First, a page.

The interior of Modena Province is of enormous historical and cultural interest and is also the home turf of wine and food specialties known the world over. For an excursion that will excite the appetite (for good food as well as for culture and history), it’s the perfect destination. The tips that follow guide visitors through the interior of Modena Province with delicious and intriguing stops along the way!
Day 1 - morning
The Modena Cathedral is an outstanding example of Romanesque art and is known the world over. Its audacious architecture has amazed visitors for centuries. The Cathedral was designed by the great architect, artist, and builder Lanfranco, who incorporated the artistry of another outstanding master, the sculptor Wiligelmo and the first stone in the construction of the Cathedral was laid on June 9, 1099.
A few steps from Modena Cathedral, almost directly in front of the Porta della Pescheria (the Fish Market Gate), are the Museums of the Cathedral, and we suggest paying them a visit to round out your experience.
Your journey among the artistic splendors of Modena’s UNESCO World Heritage Site continues with a visit to the fascinating Ghirlandina Tower, beloved by Modena’s citizens and the undisputed symbol of the city. It offers a breathtaking 360° view of the city as well as a special perspective on Piazza Grande below, the city’s eternal heart.
An high point in Piazza Grande is the Preda Ringadora (the “Haranguing Stone”) across from the stairway at the entrance to the Palazzo Comunale, and La Bonissima, the statue of a female figure installed at one corner of the building.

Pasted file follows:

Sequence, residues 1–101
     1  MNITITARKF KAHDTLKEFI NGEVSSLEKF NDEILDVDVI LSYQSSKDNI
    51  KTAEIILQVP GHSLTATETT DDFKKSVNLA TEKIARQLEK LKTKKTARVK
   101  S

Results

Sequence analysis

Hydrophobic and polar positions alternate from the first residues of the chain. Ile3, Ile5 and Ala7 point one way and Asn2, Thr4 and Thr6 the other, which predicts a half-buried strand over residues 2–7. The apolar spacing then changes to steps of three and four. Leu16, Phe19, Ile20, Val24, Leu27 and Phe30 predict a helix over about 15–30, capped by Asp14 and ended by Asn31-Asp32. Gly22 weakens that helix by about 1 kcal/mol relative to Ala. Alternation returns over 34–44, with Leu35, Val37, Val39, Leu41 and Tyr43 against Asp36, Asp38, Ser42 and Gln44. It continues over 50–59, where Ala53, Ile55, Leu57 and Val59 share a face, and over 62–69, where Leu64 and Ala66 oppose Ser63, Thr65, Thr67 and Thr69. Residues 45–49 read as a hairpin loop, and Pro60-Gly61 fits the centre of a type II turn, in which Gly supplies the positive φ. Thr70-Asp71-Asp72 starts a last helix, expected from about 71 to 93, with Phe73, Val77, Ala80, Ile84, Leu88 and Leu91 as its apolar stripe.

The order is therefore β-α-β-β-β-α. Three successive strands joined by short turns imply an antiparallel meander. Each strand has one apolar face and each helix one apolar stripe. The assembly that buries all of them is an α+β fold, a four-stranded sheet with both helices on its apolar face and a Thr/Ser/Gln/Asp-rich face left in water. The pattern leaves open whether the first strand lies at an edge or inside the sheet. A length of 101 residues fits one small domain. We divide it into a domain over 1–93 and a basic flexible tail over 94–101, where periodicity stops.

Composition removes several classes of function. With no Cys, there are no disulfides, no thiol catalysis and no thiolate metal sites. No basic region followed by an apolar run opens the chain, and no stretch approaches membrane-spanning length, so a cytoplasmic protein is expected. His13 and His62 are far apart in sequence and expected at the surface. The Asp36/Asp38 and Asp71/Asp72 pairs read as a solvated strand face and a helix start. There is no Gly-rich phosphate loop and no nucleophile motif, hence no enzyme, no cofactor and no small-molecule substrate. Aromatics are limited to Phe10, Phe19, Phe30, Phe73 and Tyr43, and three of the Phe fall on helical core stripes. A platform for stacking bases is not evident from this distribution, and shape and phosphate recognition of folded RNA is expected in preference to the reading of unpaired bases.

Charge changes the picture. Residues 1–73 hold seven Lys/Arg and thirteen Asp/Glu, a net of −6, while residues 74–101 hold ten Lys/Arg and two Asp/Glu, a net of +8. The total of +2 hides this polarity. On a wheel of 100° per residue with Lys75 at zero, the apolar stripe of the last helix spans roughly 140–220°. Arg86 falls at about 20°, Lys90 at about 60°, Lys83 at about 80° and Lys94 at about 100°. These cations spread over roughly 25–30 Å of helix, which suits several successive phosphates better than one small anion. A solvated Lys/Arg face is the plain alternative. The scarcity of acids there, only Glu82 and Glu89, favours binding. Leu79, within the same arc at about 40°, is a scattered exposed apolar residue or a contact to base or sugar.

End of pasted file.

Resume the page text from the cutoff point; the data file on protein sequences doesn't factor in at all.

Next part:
Finish up the day with a visit to the Palazzo Comunale, which serves today as Modena’s city hall just as it did during the Middle Ages. The beautiful and historic rooms inside are open to visitors-
When lunchtime rolls around, you’ll have nothing but choice when it comes to finding a place to enjoy a tasty time-out. Modena’s historic district is full of options, both traditional and not, where you can enjoy a refreshing pause. Very near the Cathedral, for example, is the Albinelli Market, the historic marketplace for Modena’s residents and a sight not to be missed. Find something to enjoy at one of the market’s many food stalls, and take a seat at a table to take in the bustling street scene.
Day 1 - afternoon
MuSa is located in the historic headquarters of the Villani firm (est. 1886), the oldest producer of salami and other cured and processed meats in Emilia-Romagna.
Alternatively, you can visit a local ham factory where Prosciutto di Modena DOP is produced, with a sweet and intense aroma and a savory but not salty flavor, Prosciutto in the south of Modena province mainly.
The last destination of this rich afternoon should be a local vinegar factory to discover this fascinating world.
Day 2 - Carpi, Sorbara and Nonantola
Located throughout the Province, many factories, welcome visitors to watch master cheesemakers as they perform the ancient rituals of transforming milk into cheese. A tour of a Parmigiano-Reggiano factory is a great way to sample the inimitable aromas and flavors of this delightful specialty as well as to experience first-hand how one of Italy’s most important products is born.